The need for standardized support surface test methods

Support surfaces are an integral part of any plan of care for the prevention and treatment of pressure ulcers. A wide array of surfaces, including overlays, mattresses and beds, are available in the United States. Having a variety of choices is clinically important, but choosing from the many alternatives is complicated by the lack of information about support surface characteristics and the inconsistent manner in which this information is reported. A means to measure and compare support surface characteristics will facilitate this process.

The medical model of support surface provision involves several parties including the patient, his/her health care practitioners, a vendor who sells the technology, and the manufacturer of the technology. All these parties will benefit from the development of support surface standards with the patient benefiting most directly. Clinicians are the patient’s primary source of information about support surfaces and they have an obligation to provide adequate information upon which to base an informed support surface selection. To date, much of the advice regarding products available from clinicians is anecdotal; it is a sum of their clinical experience and information garnered from manufacturers and vendors. The range of products on the market places a heavy burden on clinicians to keep abreast of new technology, so they would benefit from a mechanism to objectively match a support surface’s characteristics to the needs of their patients. Vendors would benefit from standards by being able to clearly describe products across manufacturers in a manner understood by clinicians and patients. Cushion testing standards would aid manufacturers by guiding new product development and redesign of existing products. Standards would provide a means of product comparison, thereby targeting gaps in market needs. In addition, standards will promote quality assurance within manufacturing processes.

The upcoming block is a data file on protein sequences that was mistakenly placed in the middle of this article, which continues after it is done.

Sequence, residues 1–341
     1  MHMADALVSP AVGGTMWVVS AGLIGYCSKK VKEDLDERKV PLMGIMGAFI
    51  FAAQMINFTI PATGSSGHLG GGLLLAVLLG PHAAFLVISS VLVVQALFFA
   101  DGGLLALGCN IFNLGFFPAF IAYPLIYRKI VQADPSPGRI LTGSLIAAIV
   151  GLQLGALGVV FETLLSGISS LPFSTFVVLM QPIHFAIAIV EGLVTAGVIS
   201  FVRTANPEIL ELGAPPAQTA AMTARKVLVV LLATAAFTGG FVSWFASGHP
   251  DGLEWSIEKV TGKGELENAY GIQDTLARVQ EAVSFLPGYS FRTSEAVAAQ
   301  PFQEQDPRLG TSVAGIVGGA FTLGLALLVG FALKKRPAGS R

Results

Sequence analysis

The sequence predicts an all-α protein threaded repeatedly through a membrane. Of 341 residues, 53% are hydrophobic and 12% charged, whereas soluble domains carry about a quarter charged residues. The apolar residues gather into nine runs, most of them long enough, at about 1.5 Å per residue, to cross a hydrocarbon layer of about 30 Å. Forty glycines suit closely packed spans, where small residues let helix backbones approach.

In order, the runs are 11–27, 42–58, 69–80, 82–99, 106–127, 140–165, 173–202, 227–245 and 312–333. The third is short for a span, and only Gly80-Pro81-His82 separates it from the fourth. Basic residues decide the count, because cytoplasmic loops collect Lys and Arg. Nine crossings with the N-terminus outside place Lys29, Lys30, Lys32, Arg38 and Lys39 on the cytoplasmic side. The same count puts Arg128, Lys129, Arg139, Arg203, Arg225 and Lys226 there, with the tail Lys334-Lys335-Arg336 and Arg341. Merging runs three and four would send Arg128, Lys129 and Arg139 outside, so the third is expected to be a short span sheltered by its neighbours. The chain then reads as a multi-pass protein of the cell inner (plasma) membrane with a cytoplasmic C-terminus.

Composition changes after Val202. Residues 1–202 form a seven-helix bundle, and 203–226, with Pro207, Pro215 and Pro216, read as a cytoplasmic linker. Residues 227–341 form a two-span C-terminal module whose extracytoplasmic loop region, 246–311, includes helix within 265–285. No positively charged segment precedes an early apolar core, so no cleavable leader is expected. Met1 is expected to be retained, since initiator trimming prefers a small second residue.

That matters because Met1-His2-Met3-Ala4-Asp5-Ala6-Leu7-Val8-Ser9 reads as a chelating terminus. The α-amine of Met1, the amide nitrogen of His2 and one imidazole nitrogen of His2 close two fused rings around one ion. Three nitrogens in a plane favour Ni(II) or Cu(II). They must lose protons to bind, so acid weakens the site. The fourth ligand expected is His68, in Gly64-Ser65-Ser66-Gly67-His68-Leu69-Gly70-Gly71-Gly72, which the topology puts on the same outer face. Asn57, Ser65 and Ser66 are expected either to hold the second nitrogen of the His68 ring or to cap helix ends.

There are tradeoffs to many support surface features, so the purpose of standards is not to evaluate which surface is better or worse, rather, standards will place characteristics along a continuum to allow people to determine an appropriate clinical match. Because no one support surface is best for all people, standards will help define performance and characteristics to make selection more informed.